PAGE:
O’Malley said the novena would acknowledge “the sins of clergy sexual abuse that violated the innocence of children and are an offense against God.” He urged victims and their families and friends to consider attending the services but acknowledged that many victims find it difficult to enter church.

David Carney, who said he was molested by a priest at age 14, praised O’Malley for “trying to fix things that he didn’t break.”

Soon after O’Malley took over in 2003, the archdiocese settled claims from more than 550 abuse claimants, followed by settlements with another 88 this year. Those agreements and other expenses from the scandal totaled $150 million.

Mitchell Garabedian, an attorney who represented more than 200 victims, said O’Malley’s plan was “a step in the right direction for many victims but unfortunately for many victims it’s too little, too late.”

Wisconsin teacher says Catholic schools fired her over test-tube fertilization

MILWAUKEE (AP) – A Wisconsin woman claims she was illegally fired by two Roman Catholic schools for undergoing in vitro fertilization.

Kelly Romenesko, 37, taught French in the Appleton Catholic school system and asked for time off in 2004 to complete the medical procedure. But four days after she told school officials she had become pregnant they fired her.

Last week a court hearing on her discrimination complaint, based upon gender and pregnancy, was postponed, probably for months, amid questions whether the state has jurisdiction over religious employers.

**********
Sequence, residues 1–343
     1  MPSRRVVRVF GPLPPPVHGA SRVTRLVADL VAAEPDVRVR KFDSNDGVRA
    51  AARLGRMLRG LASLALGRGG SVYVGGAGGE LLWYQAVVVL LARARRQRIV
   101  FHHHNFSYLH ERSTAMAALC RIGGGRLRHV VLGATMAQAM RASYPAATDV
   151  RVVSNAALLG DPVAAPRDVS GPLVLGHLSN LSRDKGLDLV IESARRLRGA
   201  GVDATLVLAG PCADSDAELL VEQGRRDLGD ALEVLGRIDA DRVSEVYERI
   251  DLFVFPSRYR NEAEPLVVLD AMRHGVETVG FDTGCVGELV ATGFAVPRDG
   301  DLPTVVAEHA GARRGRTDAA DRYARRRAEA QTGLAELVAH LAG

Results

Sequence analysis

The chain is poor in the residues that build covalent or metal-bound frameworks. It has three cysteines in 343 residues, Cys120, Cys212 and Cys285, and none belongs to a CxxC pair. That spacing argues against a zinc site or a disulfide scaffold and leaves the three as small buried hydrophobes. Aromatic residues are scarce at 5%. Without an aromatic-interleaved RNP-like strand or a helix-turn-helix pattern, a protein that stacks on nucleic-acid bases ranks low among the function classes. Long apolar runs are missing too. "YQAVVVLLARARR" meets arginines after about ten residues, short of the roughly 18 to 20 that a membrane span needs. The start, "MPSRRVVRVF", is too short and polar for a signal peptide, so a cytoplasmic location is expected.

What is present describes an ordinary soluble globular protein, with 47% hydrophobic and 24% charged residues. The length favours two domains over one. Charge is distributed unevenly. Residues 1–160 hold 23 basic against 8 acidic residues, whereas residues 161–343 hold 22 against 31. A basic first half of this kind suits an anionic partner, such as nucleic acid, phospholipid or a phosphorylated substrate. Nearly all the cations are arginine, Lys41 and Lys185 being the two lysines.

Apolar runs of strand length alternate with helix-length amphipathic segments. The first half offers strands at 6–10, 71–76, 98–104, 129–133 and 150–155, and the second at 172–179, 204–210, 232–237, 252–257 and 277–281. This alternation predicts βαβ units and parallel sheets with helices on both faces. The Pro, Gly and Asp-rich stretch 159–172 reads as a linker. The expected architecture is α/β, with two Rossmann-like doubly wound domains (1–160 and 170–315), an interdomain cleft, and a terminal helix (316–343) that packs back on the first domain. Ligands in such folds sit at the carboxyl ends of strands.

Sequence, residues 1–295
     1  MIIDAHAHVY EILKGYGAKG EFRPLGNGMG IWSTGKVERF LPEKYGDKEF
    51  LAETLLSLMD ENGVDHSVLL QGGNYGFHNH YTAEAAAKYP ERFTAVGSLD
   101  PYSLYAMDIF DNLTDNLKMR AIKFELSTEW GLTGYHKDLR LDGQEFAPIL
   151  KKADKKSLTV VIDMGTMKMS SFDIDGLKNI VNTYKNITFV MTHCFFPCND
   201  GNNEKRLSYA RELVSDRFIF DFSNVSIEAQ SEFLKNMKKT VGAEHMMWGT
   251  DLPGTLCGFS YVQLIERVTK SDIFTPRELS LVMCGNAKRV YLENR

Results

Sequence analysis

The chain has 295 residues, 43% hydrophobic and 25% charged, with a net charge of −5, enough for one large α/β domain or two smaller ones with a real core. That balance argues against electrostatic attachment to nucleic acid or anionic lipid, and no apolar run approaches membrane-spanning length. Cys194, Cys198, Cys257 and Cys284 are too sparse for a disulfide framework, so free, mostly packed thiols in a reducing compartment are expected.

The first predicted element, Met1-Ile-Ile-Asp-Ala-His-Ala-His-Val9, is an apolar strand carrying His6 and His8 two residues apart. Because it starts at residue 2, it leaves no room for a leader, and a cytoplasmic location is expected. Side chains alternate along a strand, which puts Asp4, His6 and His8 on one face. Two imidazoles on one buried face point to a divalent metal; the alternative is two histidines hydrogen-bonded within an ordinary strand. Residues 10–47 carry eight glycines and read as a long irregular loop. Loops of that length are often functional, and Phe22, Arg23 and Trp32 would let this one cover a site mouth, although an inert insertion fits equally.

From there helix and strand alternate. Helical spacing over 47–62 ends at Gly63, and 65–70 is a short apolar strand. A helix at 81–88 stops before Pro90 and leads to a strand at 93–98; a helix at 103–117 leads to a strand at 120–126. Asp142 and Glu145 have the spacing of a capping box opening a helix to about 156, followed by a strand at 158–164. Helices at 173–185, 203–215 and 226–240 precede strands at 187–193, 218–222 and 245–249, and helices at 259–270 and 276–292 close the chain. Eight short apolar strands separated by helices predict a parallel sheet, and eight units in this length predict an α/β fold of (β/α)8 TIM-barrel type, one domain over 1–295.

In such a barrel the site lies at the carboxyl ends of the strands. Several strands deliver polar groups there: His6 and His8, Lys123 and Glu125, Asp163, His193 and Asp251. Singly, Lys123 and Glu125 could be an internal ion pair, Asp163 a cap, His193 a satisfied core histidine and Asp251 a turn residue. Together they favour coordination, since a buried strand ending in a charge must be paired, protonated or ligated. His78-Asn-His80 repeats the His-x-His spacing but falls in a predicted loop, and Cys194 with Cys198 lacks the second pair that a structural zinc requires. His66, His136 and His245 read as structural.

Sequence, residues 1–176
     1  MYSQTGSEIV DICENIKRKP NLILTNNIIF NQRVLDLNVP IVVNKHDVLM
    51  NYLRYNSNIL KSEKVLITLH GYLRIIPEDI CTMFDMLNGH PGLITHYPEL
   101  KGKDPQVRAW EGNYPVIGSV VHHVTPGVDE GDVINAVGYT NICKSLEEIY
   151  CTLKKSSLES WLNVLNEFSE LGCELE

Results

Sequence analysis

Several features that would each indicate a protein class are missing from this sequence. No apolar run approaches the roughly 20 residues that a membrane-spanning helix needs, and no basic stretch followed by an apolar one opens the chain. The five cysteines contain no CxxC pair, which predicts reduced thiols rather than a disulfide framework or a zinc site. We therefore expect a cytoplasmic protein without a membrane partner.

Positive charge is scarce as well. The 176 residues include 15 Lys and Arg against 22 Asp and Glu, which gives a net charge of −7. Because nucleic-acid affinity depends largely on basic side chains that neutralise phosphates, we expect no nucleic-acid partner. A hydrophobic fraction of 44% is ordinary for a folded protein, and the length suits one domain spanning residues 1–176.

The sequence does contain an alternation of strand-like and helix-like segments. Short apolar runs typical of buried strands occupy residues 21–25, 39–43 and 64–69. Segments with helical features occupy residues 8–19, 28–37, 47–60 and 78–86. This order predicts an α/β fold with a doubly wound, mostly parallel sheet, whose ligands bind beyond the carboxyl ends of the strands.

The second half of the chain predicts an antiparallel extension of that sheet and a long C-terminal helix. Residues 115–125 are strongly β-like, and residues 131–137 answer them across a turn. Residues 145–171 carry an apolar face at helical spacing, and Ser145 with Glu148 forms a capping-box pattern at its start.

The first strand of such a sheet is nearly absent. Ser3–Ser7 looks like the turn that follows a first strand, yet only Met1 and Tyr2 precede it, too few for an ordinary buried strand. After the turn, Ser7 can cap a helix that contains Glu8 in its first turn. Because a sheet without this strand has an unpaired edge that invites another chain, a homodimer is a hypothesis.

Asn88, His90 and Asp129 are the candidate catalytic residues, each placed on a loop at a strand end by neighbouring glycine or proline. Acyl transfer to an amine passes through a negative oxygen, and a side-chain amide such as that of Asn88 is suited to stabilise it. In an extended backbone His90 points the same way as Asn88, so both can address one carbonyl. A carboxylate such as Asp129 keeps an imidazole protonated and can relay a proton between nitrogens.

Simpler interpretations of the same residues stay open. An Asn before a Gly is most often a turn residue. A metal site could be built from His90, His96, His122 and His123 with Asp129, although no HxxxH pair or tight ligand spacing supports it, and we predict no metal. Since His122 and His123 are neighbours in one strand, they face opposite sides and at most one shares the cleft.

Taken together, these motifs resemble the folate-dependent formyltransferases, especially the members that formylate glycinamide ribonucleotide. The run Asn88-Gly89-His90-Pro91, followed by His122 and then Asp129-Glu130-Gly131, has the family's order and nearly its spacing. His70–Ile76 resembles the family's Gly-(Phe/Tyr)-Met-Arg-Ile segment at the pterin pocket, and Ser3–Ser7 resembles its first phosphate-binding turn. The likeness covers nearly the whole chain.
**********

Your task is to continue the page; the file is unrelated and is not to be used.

Romenesko’s attorney said the schools claimed she violated a contract provision requiring her to act in accordance with Catholic teaching. An investigator from the state’s Department of Workforce Development upheld the firing in December and Romenesko appealed.

In vitro fertilization involves extracting eggs from a woman, fertilizing them with sperm in a laboratory dish or test tube and implanting fertilized eggs in the womb.

The Catholic teaching is defined in “Donum Vitae,” a 1987 church instruction from the cabinet of Cardinal Joseph Ratzinger, now Pope Benedict.

Kentucky readies for another Ten Commandments battle

LEXINGTON, Ky. (AP) – Kentucky’s battle over Ten Commandments displays in state offices may be on again.

The Lexington Urban County Council, the latest government entity to join, voted tentatively by 8-1 to accept a gift of historical documents that includes a framed copy of the commandments, the Lexington Herald-Leader reported.

This year the state legislature voted to restore a Ten Commandments monument on the state Capitol grounds that was removed by court order in 2000. The American Civil Liberties Union recently filed a lawsuit against that action.

The Lexington donation, from the Body of Christ Ministries in Irvine, would include framed copies of the Bill of Rights, Declaration of Independence and other documents. The ministry has made offers to a dozen Kentucky counties and only two have turned down the gift.

A 2000 poll by Louisville’s Courier-Journal showed 86 percent of Kentuckians had no problem with displays in government buildings.

The state has twice gone before the U.S. Supreme Court to uphold displays in public settings. In 1980 the high court threw out a law allowing public school classroom postings and last year it outlawed McCreary County’s courthouse display.